The fickle nature of the film business was one of the subjects covered by Academy Award-nominated director Bennett Miller during a talk to emerging Arab and international filmmakers in Doha on Monday (13 March).
“Do not wait for approvals. It won’t happen. Follow your vision of what you want to do, and don’t give up on what you are doing,” said the US filmmaker, best known for Capote, Moneyball and Foxcatcher.
Miller was participating in a Masterclass as part of the Doha Film Institute’s Modern Masters series at the fourth annual Qumra event.
He was speaking in reference to his experience on his debut feature, the 1998 documentary The Cruise, a portrait of impassioned, eccentric New York City tour guide and his debut feature film.
Four years in the making, it was turned down by every festival to which Miller submitted it, including Sundance and Berlin. When critics raved about it following its premiere at a small, independent Los Angeles festival, thanks to a friend to whom the festival owed a favour, those A-list events suddenly interested. The Cruise went on to screen at Berlin and Toronto among others.
It happened again following his second feature, Capote, starring Philip Seymour Hoffman, in 2005. Buoyed by the success of that film, Miller believed he could get his Foxcatcher project off the ground. “I couldn’t get it made,” he recalls. “I was surprised by that following [the success] of Capote. But I realised I can do anything - as long as it is something someone else wants to do.”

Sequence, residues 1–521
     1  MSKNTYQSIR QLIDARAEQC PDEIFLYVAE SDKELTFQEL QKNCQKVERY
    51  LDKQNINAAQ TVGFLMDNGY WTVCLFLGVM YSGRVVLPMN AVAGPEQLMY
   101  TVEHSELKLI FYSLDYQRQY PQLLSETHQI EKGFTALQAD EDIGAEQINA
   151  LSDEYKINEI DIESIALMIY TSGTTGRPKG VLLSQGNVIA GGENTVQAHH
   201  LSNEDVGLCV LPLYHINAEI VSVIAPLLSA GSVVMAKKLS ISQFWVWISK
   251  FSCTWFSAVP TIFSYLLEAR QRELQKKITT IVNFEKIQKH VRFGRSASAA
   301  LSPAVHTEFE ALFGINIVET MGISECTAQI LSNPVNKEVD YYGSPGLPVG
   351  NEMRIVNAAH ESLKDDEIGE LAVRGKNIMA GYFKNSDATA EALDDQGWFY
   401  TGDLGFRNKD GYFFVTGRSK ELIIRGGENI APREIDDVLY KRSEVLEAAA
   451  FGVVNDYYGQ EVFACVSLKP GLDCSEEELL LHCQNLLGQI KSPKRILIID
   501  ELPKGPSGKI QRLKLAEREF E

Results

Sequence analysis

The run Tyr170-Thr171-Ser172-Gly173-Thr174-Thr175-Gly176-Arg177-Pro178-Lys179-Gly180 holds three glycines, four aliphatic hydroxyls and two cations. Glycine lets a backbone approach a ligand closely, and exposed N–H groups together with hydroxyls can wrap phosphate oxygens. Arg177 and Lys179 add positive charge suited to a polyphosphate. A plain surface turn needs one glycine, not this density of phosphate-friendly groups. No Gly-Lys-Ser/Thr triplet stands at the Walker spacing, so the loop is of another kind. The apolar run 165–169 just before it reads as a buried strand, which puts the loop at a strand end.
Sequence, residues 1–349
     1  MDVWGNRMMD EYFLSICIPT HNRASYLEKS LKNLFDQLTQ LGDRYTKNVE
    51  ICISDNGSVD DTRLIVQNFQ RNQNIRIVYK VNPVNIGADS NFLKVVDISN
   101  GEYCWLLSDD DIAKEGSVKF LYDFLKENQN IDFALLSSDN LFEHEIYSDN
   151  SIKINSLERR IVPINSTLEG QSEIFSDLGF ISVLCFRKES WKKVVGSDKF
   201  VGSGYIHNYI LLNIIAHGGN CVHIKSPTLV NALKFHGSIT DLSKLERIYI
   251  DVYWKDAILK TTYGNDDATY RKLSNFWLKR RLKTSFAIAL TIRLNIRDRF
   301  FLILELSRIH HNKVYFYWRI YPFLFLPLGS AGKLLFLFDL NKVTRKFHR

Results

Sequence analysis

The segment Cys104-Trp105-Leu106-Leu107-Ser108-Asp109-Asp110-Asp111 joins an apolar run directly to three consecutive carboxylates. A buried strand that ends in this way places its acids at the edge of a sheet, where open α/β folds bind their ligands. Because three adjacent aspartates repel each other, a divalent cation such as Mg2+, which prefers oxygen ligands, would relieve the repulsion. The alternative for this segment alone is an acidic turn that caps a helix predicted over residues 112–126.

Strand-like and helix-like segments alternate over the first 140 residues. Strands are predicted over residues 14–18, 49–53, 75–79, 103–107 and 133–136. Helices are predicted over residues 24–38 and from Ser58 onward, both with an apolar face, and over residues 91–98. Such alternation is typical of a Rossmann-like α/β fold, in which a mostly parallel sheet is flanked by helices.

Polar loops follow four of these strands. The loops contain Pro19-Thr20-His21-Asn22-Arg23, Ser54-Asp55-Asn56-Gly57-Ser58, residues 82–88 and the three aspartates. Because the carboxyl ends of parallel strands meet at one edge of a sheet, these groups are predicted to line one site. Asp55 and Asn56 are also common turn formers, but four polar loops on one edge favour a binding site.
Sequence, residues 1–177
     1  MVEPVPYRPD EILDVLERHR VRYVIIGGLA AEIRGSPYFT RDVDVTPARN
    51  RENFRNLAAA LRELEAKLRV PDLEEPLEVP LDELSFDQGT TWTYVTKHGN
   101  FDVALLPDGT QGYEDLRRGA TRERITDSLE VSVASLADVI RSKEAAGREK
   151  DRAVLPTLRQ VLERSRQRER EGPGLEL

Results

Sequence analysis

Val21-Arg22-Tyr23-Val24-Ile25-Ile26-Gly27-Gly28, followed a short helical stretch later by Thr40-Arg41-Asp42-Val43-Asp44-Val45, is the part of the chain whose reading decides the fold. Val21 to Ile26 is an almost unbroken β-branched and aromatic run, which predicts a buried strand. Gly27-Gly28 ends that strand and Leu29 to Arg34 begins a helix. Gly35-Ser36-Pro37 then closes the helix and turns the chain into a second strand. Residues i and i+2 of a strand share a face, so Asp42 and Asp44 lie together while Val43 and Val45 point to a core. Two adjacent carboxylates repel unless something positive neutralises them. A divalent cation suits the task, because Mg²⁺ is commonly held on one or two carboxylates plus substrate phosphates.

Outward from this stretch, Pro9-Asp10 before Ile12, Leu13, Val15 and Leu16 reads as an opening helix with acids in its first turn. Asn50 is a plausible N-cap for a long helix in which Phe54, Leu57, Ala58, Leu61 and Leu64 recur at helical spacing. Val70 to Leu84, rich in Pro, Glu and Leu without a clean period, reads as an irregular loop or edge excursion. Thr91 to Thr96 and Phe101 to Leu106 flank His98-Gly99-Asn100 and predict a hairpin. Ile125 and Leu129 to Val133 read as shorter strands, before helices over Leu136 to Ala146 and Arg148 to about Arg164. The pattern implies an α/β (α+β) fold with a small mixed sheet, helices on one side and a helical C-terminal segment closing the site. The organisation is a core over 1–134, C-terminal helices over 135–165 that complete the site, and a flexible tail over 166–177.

He went on to make Moneyball first in 2011, starring Brad Pitt, followed eventually by Foxcatcher in 2014.
Miller, who described himself as an introvert, revealed why there had been a long period in between his features.
“Some people are really energised by making a film. Some are exhausted,” he said. “I am exhausted. I think, ‘Oh God, I am never doing that again’. To make a film the amount of control you have to conjure to do it is, …. it’s a slightly different person. Sometimes in the edit, I’ll hear my voice off camera and I’ll cringe. I’ll think, ‘Who is that person torturing those actors?’”
Miller’s next project is a documentary series of which few details are known. He plans to follow this with an adaptation of Charles Dickens’ A Christmas Carol, written by Tom Stoppard. He promised the latter will be the most faithful version of Dickens’ novel yet to be made.
Qumra runs from March 9-14. The other filmmakers and craftspeople in the Modern Masters series are directors Gianfranco Rosi, Apichatpong Weeraethakul and Andrey Zvyagintsev, costume designer Sandy Powell and actor Tilda Swinton.